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B.J. Widick

In the Labor Unions

(23 December 1939)

From Socialist Appeal, Vol. III No. 94, 23 December 1939, p. 2.
Transcribed & marked up by Einde O’ Callaghan for the Encyclopaedia of Trotskyism On-Line (ETOL).

The American labor movement is watching with considerable anxiety the fate of the union movements in England and France in the present war.

The facts of the situation in France have trickled into England and also America, and the story of the strangulation of the French labor movement is shocking. English unionists are wondering if the same tragic lot is in store for them. American unionists are confronted by similar thoughts.

Shop Stewards

Daladier and the French military machine recently ordered the abolition of the shop steward system, among other drastic decrees. This is like cutting the heart out of a body and expecting it to function.

The shop steward system has been recognized as the real life, the heart, and the backbone of a good union. In France, the creation and extension of the shop steward systems was one of the major victories of the famous 1936 sit-down strike.

Protection for the rank and file on the job comes primarily through the shop stewards. They negotiate and settle the day to day grievances that constantly irritate the workers.

In addition to that vital function however, the shop steward system in France was the basis for the workers committees that virtually took power in 1936 – a fact that Daladier has not forgotten.

Daladier seeks to kill two birds with one stone in his order abolishing the shop steward system: break the backbone of the unions and prevent the workers from having committees capable of functioning in times of social unrest.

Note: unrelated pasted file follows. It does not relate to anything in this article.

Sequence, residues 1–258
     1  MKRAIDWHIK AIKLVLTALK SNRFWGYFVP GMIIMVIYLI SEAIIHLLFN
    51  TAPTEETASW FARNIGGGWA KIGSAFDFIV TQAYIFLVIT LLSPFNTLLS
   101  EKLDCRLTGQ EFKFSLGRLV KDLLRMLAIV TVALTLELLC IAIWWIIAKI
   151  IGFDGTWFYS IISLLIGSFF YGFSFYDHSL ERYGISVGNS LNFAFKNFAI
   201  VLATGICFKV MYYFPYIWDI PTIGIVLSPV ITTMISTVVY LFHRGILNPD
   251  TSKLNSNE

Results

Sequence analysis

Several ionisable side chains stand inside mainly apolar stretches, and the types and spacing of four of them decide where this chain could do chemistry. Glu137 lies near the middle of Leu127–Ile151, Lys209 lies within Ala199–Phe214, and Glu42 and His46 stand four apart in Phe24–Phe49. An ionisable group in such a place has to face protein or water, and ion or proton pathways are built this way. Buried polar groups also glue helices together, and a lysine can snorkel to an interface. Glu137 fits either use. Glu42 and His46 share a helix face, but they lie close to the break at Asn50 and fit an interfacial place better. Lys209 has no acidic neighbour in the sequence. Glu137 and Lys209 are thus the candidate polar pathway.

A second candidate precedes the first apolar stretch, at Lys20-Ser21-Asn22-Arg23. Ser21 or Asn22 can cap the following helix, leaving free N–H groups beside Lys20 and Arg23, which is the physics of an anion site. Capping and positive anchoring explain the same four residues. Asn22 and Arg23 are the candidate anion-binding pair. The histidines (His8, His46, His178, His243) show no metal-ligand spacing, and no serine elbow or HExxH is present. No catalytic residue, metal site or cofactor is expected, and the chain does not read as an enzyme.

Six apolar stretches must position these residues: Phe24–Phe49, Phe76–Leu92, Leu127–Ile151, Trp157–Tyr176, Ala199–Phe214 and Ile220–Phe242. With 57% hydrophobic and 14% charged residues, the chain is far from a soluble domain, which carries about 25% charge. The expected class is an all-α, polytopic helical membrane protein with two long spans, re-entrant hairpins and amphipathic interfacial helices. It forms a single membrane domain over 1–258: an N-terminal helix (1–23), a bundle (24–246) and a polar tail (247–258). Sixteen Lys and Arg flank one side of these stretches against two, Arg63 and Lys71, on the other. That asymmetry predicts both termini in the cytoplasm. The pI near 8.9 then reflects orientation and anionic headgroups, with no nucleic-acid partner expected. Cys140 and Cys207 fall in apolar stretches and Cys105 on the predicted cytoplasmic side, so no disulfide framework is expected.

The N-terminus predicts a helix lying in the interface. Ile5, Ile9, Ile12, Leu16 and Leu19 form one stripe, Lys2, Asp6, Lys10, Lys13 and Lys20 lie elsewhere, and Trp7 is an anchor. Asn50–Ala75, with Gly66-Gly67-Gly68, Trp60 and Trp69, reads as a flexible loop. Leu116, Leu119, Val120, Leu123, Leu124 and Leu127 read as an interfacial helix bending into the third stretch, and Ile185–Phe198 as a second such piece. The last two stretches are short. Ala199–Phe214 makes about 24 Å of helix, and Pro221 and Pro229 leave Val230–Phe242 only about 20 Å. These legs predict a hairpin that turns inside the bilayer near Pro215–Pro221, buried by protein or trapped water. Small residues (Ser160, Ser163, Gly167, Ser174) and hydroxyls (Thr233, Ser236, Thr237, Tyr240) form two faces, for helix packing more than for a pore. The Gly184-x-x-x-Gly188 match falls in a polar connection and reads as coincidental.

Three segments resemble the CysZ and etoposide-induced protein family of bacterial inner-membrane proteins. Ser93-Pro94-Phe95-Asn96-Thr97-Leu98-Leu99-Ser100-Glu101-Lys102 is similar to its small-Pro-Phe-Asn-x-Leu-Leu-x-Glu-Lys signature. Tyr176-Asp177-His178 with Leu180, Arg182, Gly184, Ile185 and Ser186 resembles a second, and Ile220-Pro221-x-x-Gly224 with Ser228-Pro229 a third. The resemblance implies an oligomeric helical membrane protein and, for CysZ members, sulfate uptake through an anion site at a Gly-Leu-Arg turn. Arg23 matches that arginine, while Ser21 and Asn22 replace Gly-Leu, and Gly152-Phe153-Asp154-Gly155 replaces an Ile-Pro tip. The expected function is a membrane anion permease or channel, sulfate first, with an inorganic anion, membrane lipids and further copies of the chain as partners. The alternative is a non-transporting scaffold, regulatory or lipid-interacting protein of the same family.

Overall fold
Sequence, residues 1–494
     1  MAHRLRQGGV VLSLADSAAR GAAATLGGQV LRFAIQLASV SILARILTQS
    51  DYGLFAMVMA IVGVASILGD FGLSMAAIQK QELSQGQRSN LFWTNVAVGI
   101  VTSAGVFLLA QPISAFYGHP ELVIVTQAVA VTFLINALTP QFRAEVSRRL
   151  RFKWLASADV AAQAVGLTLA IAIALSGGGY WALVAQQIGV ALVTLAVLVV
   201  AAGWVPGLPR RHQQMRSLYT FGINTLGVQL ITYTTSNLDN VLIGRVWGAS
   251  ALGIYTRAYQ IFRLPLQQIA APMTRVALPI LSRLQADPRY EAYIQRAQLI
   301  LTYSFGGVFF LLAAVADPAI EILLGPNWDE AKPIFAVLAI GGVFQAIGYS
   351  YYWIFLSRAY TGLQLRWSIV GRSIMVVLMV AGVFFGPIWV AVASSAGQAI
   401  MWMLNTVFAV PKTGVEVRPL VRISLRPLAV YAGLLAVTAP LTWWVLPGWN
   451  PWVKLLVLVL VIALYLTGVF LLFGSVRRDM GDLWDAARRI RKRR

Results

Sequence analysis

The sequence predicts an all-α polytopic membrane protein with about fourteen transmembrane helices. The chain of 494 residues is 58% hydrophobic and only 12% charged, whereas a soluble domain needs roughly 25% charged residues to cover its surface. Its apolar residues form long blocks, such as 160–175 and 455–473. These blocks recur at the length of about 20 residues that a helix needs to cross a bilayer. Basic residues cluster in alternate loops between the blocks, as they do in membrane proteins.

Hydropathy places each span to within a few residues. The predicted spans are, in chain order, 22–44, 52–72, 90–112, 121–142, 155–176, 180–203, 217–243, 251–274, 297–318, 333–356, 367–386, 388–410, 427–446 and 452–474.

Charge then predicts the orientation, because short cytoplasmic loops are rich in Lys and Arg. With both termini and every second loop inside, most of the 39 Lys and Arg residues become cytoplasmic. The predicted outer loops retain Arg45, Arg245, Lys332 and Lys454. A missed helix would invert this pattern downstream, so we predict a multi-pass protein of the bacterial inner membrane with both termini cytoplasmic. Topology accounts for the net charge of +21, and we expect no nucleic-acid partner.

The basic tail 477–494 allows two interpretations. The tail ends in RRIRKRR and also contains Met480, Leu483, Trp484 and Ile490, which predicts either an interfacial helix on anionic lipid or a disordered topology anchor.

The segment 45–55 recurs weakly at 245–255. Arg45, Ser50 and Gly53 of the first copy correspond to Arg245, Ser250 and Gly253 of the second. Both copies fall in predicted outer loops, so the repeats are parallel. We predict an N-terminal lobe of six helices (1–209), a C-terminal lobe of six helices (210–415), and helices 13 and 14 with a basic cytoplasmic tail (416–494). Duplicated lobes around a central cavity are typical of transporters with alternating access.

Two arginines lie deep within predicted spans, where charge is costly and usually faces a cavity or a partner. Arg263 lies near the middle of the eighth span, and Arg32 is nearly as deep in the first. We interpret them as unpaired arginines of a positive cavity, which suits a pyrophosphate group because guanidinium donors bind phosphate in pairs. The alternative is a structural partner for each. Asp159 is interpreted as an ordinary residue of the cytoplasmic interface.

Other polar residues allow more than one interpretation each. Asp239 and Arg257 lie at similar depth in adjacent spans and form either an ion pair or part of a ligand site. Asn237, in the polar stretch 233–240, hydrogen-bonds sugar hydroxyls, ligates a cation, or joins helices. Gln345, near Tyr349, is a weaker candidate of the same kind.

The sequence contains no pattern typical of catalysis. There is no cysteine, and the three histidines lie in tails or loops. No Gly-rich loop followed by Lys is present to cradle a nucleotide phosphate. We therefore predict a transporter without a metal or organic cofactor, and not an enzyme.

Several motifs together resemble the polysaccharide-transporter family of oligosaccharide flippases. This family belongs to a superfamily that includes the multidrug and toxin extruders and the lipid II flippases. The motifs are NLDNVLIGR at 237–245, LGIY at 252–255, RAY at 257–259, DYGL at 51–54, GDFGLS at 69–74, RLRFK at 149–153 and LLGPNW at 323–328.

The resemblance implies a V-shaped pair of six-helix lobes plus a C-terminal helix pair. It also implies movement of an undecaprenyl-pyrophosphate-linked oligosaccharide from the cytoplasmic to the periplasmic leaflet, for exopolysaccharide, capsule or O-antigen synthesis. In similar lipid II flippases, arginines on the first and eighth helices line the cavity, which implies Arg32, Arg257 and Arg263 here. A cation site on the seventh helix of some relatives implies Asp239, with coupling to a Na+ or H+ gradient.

Daladier remembers too well how the shop committees became the embryo Soviets in 1936. It is this eventuality that he tries to block.

War Taxes

How much social dynamite is packed in the French industrial system is indicated by two other decrees of the Daladier government. All industrial workers have to “contribute” fifteen per cent of their wages to a war chest, and 40 per cent of all overtime is “contributed” to this fund.

Under the pressure of the rising costs of living on the one hand and the cut in wages on the other hand, combined with longer hours, speed-up, and accumulation of grievances, the French workers are building up a terrific resentment that will turn into a gigantic explosion. Not since the days of Louis Fourteenth have the French ruling classes been sitting on such a powder keg.

Is it a wonder that the French Foreign Legion and other picked colonial troops are “judiciously” distributed behind the front lines?

England Too?

The rank and file workers in England are worrying about the probability that the Chamberlain government, with the approval of the labor fakers, will further curtail the rights of the union movement under the guise of war emergency measures.

Do they also face the signing of a pact between the government and the labor bureaucrats which brings the application of compulsory overtime and wage cuts, coupled with longer working hours? Are concentration camps for militant workers, and forced labor under military control the next step in England? And are the shop committees in England going to be suppressed?

A story appeared last week that indicates how the English workers are feeling. Union bureaucrats agreed with an industrial concern not to press for the solution of certain grievances and a wage dispute. However, the rank and file through the shop committee organized a strike that was averted only with the greatest difficulty. The shop stewards are still sore about the sellout. Orders from the union bureaucrats are being disregarded. Another strike is threatened.

How many more of these events occurred which do not escape the censorship? Undoubtedly many. The seeds of unrest are inherent in the war production schedules.

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